Does Hume's Is-Ought Thesis imply moral nihilism?


Assuming you are an atheist, cognitivist, and a moral objectivist, does Hume's Is-Ought Thesis imply you must be a moral nihilist (or perhaps more weakly, at least a moral skepticist)?

Put another way, how would a non-religious moral realist reconcile with Hume's Is-Ought Thesis? Where does their moral "ground truth" come from to begin with?

Some Guy

Posted 2020-06-04T01:23:29.623

Reputation: 149

No. One can hold that in addition to facts ("ises") there is a different type of objective input, moral values or imperatives, the "oughts". In that case we will have objective basic "oughts", which combined with "ises" will entail other oughts without any violation of Hume's thesis. The simplest model of this sort has God as a law-giver. In addition to establishing a world order ("facts") God gives creatures room, and free will, to choose, but also commands restrictions on their choices (without compelling them). There are also secular models with objective values. – Conifold – 2020-06-04T03:55:21.083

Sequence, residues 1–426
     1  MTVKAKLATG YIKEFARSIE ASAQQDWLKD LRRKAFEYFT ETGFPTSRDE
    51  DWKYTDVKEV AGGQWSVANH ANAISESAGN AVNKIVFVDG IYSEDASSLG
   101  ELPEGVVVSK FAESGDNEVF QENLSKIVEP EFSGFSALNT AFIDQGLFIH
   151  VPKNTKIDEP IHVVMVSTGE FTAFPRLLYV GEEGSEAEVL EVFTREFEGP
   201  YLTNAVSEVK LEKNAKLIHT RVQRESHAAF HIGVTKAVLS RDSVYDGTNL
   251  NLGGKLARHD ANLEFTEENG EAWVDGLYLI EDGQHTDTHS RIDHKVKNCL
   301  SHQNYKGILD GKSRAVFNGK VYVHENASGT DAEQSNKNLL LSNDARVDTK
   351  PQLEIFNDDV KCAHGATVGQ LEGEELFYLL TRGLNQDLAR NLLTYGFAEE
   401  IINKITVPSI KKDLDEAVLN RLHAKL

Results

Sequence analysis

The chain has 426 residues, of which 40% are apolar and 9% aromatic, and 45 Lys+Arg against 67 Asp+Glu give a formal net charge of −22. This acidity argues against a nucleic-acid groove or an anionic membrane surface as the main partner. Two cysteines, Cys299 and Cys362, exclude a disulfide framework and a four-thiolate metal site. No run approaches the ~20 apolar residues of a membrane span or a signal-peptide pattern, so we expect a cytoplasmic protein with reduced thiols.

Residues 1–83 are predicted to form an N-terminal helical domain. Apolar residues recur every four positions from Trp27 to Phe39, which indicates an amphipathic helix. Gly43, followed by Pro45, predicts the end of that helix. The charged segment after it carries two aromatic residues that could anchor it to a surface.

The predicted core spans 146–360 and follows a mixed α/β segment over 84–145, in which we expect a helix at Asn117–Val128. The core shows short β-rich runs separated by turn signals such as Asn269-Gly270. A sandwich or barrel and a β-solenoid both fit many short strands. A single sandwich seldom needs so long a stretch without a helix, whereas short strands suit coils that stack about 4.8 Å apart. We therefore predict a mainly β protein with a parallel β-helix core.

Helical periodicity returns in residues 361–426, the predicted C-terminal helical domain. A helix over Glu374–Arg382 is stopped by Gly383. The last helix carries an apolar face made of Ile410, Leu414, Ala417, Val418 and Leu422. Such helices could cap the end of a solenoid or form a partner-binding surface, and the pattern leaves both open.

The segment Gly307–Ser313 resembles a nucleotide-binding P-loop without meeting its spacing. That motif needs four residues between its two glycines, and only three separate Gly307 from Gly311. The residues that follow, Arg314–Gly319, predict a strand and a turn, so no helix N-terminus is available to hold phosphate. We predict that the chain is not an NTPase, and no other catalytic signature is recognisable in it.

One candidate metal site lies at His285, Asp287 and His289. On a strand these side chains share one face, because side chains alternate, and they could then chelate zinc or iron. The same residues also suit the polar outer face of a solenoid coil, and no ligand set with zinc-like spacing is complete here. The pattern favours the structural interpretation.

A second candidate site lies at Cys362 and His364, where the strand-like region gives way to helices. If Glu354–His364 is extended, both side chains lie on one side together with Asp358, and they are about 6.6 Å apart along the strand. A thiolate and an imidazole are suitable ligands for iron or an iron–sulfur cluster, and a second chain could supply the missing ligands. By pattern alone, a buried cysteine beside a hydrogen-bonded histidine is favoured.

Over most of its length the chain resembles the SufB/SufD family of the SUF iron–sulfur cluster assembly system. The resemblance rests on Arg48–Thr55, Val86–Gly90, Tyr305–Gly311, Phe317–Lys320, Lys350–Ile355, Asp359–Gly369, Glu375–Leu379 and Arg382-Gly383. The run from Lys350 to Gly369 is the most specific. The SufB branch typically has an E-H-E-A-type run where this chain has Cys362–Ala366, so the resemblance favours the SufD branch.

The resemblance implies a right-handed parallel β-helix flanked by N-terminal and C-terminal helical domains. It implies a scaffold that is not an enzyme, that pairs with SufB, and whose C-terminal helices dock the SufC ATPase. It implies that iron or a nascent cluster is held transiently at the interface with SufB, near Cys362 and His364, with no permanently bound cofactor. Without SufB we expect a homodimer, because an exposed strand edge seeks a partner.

Beyond the religious "God as law-giver" theories - what are some of the secular models with objective values and where do they find their moral ground truth? – Some Guy – 2020-06-04T06:29:49.067

See SEP, Moral Realism. For example, Aristotle's idea of "second nature" that grounds purpose and values for human beings has been modernized and defended by McDowell recently.

– Conifold – 2020-06-04T06:44:29.877

No answers